Residents oppose extending quarry agreement
Journal Register News Service
Hilltown residents came out in droves to discuss concerns about possibly extending the Hanes & Kibblehouse Quarry 2005 agreement until 2045.
The current agreement between H&K and Hilltown Township expires in 2020, but if accepted, a proposed amendment would keep the quarry — located at 901 Minsi Trail in the Blooming Glen section of the township — open an additional 25 years.
According to H&K representatives, the reason they want to extend the agreement is because of the poor economic climate over the past few years. Scott Drumbore, manager of engineering and environmental services at H&K, explained that the materials and construction industry production has decreased, leaving extra reserves at Blooming Glen Quarry.
“Based upon the investment made in the operation and projected reclamation costs, it will be impractical for Blooming Glen Quarry to
abandon available reserves,” Drumbore wrote in a letter to the Hilltown Township Board of Supervisors.
Drumbore stated that if the agreement wasn’t extended, more trucks would need to be added to make sure all of the available reserves would be extracted from the quarry and then shipped to H&K Materials by the 2020 deadline.
In addition to extending the mining schedule until Dec. 31, 2045, the amendment would also include an increase in the quarry fee paid to the township from 10 cents/ton to 35 cents/ton, a change in the discount on materials purchased by the township from 5 percent to 10 percent and an annual quarry fee cap of $1 million.
“We’re getting something out if it, we don’t deny it. We have a product; it’s a valuable product,” said Joe LaFlamme, an attorney for H&K. The product LaFlamme was referring to is the red stone that’s used in architecture.
At a public forum Feb. 6, community members shared an open dialogue with members of H&K, giving their points of view as to why the majority of them didn’t want the agreement extended.
“It’s like we’re up against Goliath,” said Judy Greenhalgh, of Blooming Glen Road. “My fear is for the environment and for the infrastructure during the reclamation process.”
The reclamation process is something with which many of the Hilltown residents took issue. According to Drumbore, a 10-acre recreation lake would be added to the amendment, something that wasn’t included in the 2005 agreement.
“I get the mutual benefit for H&K and Hilltown, and that it looks nice on paper,” said a resident who lives on Blooming Glen Road. “But I’d like to get a much more immediate benefit with the original proposal for a walking trail and trees. I’m not going to get in my wheelchair 33 years from now and watch my grandkids swim in a lake.”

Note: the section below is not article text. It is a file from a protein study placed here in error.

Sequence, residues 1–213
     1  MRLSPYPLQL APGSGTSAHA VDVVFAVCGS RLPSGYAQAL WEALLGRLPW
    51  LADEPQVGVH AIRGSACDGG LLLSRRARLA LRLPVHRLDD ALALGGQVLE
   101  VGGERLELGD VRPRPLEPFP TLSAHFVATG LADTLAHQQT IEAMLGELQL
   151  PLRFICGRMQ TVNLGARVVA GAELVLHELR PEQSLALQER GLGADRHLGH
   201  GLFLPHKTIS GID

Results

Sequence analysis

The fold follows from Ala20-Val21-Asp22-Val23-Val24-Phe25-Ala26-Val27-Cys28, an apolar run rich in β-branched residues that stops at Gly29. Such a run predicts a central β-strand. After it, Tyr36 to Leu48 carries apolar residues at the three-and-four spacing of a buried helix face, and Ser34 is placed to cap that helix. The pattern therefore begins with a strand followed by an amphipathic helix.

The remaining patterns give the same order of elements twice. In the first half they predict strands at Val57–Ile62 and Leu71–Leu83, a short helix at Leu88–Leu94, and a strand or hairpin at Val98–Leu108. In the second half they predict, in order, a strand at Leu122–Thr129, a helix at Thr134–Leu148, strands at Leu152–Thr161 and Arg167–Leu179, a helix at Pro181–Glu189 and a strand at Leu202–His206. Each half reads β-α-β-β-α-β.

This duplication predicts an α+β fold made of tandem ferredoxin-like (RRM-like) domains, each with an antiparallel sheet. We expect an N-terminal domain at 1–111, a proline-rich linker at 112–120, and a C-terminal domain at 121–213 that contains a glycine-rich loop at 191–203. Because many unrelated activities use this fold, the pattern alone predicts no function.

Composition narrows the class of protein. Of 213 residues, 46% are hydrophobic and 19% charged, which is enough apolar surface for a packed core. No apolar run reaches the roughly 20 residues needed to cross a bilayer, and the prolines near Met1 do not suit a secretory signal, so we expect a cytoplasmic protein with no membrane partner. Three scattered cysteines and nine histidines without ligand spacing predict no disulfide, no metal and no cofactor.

Another resident agreed. “The people of this township deserve a park that they’ve been looking forward to,” he said.
One of the reasons why residents were so distraught about the possible extension of the mining is because even once the contract expires, the reclamation process can go on for years, though H&K can’t say how long it will take. According to H&K owner John Haines, Point Pleasant, a significantly smaller quarry, has been in the reclamation process for about nine years. It’s currently three-fourths of the way filled and still has about two or three years to go.
Another resident, John Apple, voiced his concern about what happens once the mine activity ceases and the reclamation process begins.
“After the day they stop mining, the money will stop coming in xto the township] and the roads will keep getting torn out,” he said.
The lack of water and constant drilling and shaking were also problems residents said they had with extending the agreement.
“I sit in my 200-year-old house and it shakes and rumbles,” said resident Bill Stall. “I don’t hear the blasts, I feel the rumbling.”
Ken Rush, a lifelong resident, said neighbors have been waiting 25 years for the drilling and shaking to stop.
“This proposal is bold, audacious, almost outrageous,” he said.
Brook Rush shared the same sentiment.
“A quarry, just like people, has a life cycle. bverything comes to an end, and it’s time for the quarry to end,” said Rush.
According to Township Manager Richard Schnaedter, no date is set for the Hilltown Board of Supervisors to make a decision on the proposed amendment.
At the board of supervisors meeting Monday, Feb. 11, the board decided Schnaedter, Chairwoman Barbara Salvadore and township Solicitor Francis Grabowski would meet with an H&K representative to seek answers to the public’s and the board’s questions about issues such as tipping fees and the size of the proposed recreation lake.
Staff writer Meghan Ross contributed to this article.
Right, Kenny Gehman and John Patton take fasnachts out of the frier.